2. Avatar
    Steefen  October 3, 2016

    What Gospel was Paul reading when at 1 Corinthians 15: 5, we see, he appeared to Cephas first, then to the 10 (12 minus Judas and minus Cephas, himself). Even if we go with the second appearance being men only, we still only have 11.

    • Bart
      Bart  October 4, 2016

      He wasn’t reading a Gospel. These are traditions that he learned.

      • Avatar
        Steefen  October 4, 2016

        The traditions did not tell him Judas died before the resurrection. Interesting. Pappias’ account supports Paul’s potential disciple count error. Pappias and Paul seem to be in agreement that there were the original 12 to whom Jesus could appear.

        Dr. Ehrman, did Pappias get counter-arguments are called a heretic for putting forth Judas lived in sadness until he was run over by a chariot?

        Note below (last sentence) that the question of Judas’ death caused C. S. Lewis to reject each assertion in the Bible as historical truth.

        There are several different accounts of the death of Judas, including two in the modern Biblical canon:

        Matthew 27:3–10 says that Judas returned the money to the priests and committed suicide by hanging himself. They used it to buy the potter’s field. The Gospel account presents this as a fulfillment of prophecy.
        The Acts of the Apostles says that Judas used the money to buy a field, but fell headfirst, and burst asunder in the midst, and all his bowels gushed out. This field is called Akeldama or Field of Blood.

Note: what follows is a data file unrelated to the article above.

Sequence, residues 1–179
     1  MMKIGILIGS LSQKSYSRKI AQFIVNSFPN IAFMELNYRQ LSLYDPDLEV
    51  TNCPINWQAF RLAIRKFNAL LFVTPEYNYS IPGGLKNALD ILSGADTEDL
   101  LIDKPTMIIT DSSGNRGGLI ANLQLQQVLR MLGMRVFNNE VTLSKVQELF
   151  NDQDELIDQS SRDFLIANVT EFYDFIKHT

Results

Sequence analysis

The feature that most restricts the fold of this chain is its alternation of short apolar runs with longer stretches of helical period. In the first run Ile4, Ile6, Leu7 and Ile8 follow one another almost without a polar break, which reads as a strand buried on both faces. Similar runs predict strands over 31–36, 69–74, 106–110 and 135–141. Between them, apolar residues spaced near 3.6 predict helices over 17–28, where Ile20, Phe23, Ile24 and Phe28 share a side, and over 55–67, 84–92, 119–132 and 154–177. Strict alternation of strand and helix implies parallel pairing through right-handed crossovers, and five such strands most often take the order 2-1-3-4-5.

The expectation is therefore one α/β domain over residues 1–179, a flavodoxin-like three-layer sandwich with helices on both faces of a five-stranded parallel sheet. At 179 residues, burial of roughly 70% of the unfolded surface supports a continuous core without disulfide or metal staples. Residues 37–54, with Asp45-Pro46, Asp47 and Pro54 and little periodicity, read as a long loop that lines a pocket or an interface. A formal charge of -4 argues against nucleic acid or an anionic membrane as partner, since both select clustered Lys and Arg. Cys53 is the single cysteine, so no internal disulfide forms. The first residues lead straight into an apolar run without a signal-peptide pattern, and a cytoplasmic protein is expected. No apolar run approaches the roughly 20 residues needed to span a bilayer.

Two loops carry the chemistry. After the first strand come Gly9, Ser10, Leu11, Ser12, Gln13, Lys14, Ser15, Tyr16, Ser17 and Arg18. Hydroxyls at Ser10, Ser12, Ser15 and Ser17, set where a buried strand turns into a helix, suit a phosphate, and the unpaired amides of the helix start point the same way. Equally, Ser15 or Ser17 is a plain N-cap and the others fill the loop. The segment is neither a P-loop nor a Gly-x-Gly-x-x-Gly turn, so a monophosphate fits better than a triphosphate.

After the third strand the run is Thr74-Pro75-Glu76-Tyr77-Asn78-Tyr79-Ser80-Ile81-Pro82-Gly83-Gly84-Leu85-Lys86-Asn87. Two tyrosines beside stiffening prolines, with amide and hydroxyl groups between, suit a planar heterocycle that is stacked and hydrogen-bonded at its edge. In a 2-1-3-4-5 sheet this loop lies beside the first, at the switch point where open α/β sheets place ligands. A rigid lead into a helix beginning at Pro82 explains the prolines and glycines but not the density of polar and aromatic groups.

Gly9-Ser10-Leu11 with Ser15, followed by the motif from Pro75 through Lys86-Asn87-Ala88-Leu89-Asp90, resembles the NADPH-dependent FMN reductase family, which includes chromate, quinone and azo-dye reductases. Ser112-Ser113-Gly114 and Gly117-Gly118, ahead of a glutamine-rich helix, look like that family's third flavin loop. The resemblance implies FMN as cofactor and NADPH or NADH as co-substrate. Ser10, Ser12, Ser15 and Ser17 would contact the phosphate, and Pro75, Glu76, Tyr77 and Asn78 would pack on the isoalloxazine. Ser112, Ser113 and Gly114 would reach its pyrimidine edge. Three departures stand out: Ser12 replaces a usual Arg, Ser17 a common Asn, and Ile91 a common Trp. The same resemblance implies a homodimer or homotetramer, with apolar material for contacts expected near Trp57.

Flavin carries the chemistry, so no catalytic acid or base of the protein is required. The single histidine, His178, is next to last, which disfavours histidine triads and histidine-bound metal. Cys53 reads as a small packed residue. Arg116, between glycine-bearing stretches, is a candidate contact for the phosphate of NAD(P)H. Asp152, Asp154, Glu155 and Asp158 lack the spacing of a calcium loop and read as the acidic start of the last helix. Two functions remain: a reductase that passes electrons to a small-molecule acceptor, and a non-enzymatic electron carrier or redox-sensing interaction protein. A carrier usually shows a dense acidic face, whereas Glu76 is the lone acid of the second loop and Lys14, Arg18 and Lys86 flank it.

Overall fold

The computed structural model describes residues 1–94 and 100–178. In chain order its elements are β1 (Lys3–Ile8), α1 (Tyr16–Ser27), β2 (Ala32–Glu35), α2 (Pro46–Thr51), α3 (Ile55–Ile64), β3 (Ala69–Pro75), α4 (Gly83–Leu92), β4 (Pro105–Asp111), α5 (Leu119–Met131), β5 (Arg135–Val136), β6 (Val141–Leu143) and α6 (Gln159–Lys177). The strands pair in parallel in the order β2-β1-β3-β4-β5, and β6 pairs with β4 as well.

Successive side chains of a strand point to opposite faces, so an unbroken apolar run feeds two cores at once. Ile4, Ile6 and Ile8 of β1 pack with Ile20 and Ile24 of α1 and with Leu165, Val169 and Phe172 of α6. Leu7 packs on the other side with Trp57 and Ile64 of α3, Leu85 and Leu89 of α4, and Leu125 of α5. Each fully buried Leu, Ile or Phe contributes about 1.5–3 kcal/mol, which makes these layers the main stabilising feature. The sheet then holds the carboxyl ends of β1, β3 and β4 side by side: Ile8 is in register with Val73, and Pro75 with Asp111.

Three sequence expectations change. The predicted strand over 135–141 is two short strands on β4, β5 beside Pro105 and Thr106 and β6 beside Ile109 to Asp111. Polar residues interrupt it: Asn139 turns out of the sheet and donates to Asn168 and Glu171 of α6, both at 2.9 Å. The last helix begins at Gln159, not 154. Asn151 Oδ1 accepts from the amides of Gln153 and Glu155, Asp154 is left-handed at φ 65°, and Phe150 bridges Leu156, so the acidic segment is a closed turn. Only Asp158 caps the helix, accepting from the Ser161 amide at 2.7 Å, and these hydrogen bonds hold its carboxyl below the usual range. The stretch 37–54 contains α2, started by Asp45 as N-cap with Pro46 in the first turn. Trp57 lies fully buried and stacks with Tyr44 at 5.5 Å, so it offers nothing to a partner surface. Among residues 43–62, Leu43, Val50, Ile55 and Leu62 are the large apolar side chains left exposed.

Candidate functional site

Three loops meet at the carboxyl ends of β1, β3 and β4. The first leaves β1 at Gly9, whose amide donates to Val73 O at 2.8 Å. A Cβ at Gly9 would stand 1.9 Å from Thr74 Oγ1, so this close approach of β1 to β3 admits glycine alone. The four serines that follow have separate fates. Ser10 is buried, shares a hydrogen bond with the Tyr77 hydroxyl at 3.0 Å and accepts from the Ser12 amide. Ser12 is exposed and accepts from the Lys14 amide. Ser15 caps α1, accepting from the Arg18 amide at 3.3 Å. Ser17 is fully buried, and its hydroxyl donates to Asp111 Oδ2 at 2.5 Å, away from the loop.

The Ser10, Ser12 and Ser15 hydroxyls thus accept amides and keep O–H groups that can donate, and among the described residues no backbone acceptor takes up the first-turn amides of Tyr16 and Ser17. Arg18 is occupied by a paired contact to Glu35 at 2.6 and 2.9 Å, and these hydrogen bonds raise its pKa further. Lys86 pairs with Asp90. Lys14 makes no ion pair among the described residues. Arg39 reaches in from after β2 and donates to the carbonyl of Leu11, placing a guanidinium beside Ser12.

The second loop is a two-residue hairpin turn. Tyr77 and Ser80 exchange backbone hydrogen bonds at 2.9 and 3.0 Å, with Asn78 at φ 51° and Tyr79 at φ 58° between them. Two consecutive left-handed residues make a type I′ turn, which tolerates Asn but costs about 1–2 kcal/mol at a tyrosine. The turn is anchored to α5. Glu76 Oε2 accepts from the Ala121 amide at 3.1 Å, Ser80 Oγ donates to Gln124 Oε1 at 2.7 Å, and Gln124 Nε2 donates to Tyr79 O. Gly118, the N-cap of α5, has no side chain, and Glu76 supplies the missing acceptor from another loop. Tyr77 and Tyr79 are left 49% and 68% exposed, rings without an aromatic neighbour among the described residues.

The non-canonical Gospel of Judas says Judas had a vision of the disciples stoning and persecuting him.
        Another account was preserved by the early Christian leader, Papias: “Judas walked about in this world a sad example of impiety; for his body having swollen to such an extent that he could not pass where a chariot could pass easily, he was crushed by the chariot, so that his bowels gushed out.”

        The existence of conflicting accounts of the death of Judas has caused problems for scholars who have seen them as threatening the reliability of Scripture. This problem was one of the points causing C. S. Lewis, for example, to reject the view “that every statement in Scripture must be historical truth”.

        • Bart
          Bart  October 5, 2016

          Papias doesn’t say anything about Judas being run over by a chariot.

          • Avatar
            Steefen  October 5, 2016

            I’m getting that from Papias Fragment 3, 1742-1744.
            It is found at Calvin College, Christian Classics Ethereal Library: Bringing Christian classic books to life
            ANF01. The Apostolic Fathers with Justin Martyr and Irenaeus

            Are you willing to allow the statement? If not, please tell us the problem.

            Now, I’m clicking the <Prev button twice at that link where we see:

            I. From the exposition of the oracles of the Lord.
            [The writings of Papias in common circulation are five in number, and these are called an Exposition of the Oracles of the Lord. Irenaeus makes mention of these as the only works written by him…

          • Bart
            Bart  October 6, 2016

            Ah, I see. No the statement about the chariot was not originally part of what Papias said. For a more recent reconstruction of the fragments of Papias, see vol. 2 of my translation of the Apostolic Fathers in the Loeb Classical Library.

      • Avatar
        Steefen  October 4, 2016

        Right, he wasn’t reading a Gospel. He learned a tradition that did not feed one of the four gospels. We get a tradition that feeds Pappias. Four gospels ignore Paul’s disciple count at 1 Cor 15: 5–that Judas was still alive.